GDI priority area 2  climate change and green developmentSDG goals 7 (affordable and clean energy), 11 (sustainable cities and communities), 12 (responsible consumption and production), 13 (climate action), 14 (life below water)and 15 (life on land).
GDI priority area 3 food securitySDG goals 1 (no poverty) and 6 (clean water and sanitation)
GDI priority area 4 poverty alleviationSDG goals 1 (no poverty), 2 (zero hunger), 4  (quality education), 8   (decent work and economic growth), and 10 (reducing inequality)
GDI priority area 5 indistrializationSDG goals 8  (decent work and economic growth)  and 9 ( industry, innovation and infrastructure)
GDI priority area 6  digital economySDG goals 4 (quality education), 9 (industry, innovation and  infrastructure) and 12  (responsible consumption and production).
GDI priority area 7 Covid 19- and vaccinesSDG goals 3(good health and well being) and 10 (reduce inequality)
GDI priority area 8  connectivitySDG goals 9 (industry, innovation and infrastructure), 11 (sustianble cities and communities  and 17 (partnerships for the goals).

Improving infrastructure in African countries is a critical step towards the region's development and integration. Consequently, Africa's potential for railways, roads, and energy makes it a valuable component of the BRI and GDI. Most BRI initiatives address African transportation and power issues by developing international rail and expressways, seaports, hydropower, and water supply and sanitation. One such initiative is the Nairobi expressway, which seeks to improve physical connectivity.

Table 3 emphasises how Agenda 2063 priority areas are connected with SDG goals. Although some of Africa's priority areas may still need to align with the SDG goals fully, they remain vital for the continent and require attention. Agenda 2063 priority areas are customised to meet the specific needs of the continent, thus making them a top priority.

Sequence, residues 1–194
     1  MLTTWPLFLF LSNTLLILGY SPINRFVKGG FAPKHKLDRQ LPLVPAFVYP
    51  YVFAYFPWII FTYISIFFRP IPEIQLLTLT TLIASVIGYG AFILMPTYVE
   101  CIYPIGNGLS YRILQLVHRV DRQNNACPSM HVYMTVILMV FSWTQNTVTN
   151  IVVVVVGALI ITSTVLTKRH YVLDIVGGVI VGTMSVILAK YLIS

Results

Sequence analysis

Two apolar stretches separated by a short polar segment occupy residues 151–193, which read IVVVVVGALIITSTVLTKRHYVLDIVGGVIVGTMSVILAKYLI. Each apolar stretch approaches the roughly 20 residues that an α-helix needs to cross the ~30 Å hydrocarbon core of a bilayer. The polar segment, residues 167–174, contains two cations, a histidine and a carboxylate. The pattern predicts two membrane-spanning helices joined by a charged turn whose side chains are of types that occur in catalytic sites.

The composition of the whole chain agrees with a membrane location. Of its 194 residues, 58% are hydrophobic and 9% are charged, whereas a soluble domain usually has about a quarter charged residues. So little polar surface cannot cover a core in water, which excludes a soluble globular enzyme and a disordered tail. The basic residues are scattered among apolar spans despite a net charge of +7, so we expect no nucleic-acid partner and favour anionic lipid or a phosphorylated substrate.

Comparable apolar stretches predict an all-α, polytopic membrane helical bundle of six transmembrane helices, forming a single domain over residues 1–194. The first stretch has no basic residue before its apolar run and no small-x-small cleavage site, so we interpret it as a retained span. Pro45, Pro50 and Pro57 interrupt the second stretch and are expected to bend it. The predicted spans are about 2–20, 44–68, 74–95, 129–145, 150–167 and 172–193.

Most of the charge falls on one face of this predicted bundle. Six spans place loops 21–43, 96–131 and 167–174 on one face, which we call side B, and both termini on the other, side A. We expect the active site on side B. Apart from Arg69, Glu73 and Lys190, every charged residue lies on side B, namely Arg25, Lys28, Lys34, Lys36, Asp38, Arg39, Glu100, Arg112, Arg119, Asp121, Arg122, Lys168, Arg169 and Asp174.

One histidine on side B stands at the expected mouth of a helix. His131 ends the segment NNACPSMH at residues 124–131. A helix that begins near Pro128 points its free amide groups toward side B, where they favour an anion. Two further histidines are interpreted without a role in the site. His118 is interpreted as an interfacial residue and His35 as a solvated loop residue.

Agenda 2063 priority area 1 income, jobs and decent workSDG 1 (end poverty)
Agenda 2063 priority area 2 end hunger, achieve food security and improved nutrition and promote sustainable agricultureSDG 2 (end hunger)
Agenda 2063 priority area 3 social security and protection, including persons  with disabilitiesSDG 8 (decwnt work and economic growth)
Agenda 2063 priority area 4 modern  affordable  and liveable habitatsSDG 11 (make cities inclusive, safe, resilient and  sustainable)
Agenda 2063 priority area 5 education and science  technology  and innovation  (STI )driven skills resolutionSDG 4 (quality education)
Agenda 2063 priority area 6 health and nutritionSDG 3   (good health and well being)
Agenda 2063 priority area 7 sustainable and inclusive economic growthSDG 8 (decent work and economic growth
Agenda 2063 prioeirty area 8 STI driven manufacturing, industrialization  and value additionSDG 9 (industry, innovation and infrastructure)
Agenda 2063 priority area 9 economic  diversification and resilienceNo linkages to SDGs
Agenda 2063 priority area 10 agricultural productivity and productionSDG 2 (zero hunger)
Agenda 2063 priority area 11 marine resources  and energySDG 14 (life below water)
Agenda 2063 priority area 12 port operations and marine transportSDG 6 (clean water and sanitation)